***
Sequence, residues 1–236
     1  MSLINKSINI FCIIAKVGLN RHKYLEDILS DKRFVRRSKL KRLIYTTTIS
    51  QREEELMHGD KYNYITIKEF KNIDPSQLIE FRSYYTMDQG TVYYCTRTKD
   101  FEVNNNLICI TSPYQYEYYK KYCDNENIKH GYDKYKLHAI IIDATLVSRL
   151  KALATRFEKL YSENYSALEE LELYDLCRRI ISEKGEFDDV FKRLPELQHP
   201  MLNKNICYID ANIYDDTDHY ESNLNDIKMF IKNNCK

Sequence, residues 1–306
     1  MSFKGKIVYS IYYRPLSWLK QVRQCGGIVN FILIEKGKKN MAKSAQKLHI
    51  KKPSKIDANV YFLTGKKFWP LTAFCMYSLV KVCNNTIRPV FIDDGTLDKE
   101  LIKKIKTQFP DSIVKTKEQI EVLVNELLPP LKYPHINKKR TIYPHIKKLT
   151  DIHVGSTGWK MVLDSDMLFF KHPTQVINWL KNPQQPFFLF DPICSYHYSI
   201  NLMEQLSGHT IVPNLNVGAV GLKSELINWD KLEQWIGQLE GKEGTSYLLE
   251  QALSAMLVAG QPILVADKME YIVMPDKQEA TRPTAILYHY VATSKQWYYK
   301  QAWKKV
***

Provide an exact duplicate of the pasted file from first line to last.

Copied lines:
Sequence, residues 1–236
     1  MSLINKSINI FCIIAKVGLN RHKYLEDILS DKRFVRRSKL KRLIYTTTIS
    51  QREEELMHGD KYNYITIKEF KNIDPSQLIE FRSYYTMDQG TVYYCTRTKD
   101  FEVNNNLICI TSPYQYEYYK KYCDNENIKH GYDKYKLHAI IIDATLVSRL
   151  KALATRFEKL YSENYSALEE LELYDLCRRI ISEKGEFDDV FKRLPELQHP
   201  MLNKNICYID ANIYDDTDHY ESNLNDIKMF IKNNCK

Sequence, residues 1–306
     1  MSFKGKIVYS IYYRPLSWLK QVRQCGGIVN FILIEKGKKN MAKSAQKLHI
    51  KKPSKIDANV YFLTGKKFWP LTAFCMYSLV KVCNNTIRPV FIDDGTLDKE
   101  LIKKIKTQFP DSIVKTKEQI EVLVNELLPP LKYPHINKKR TIYPHIKKLT
   151  DIHVGSTGWK MVLDSDMLFF KHPTQVINWL KNPQQPFFLF DPICSYHYSI
   201  NLMEQLSGHT IVPNLNVGAV GLKSELINWD KLEQWIGQLE GKEGTSYLLE
   251  QALSAMLVAG QPILVADKME YIVMPDKQEA TRPTAILYHY VATSKQWYYK
   301  QAWKKV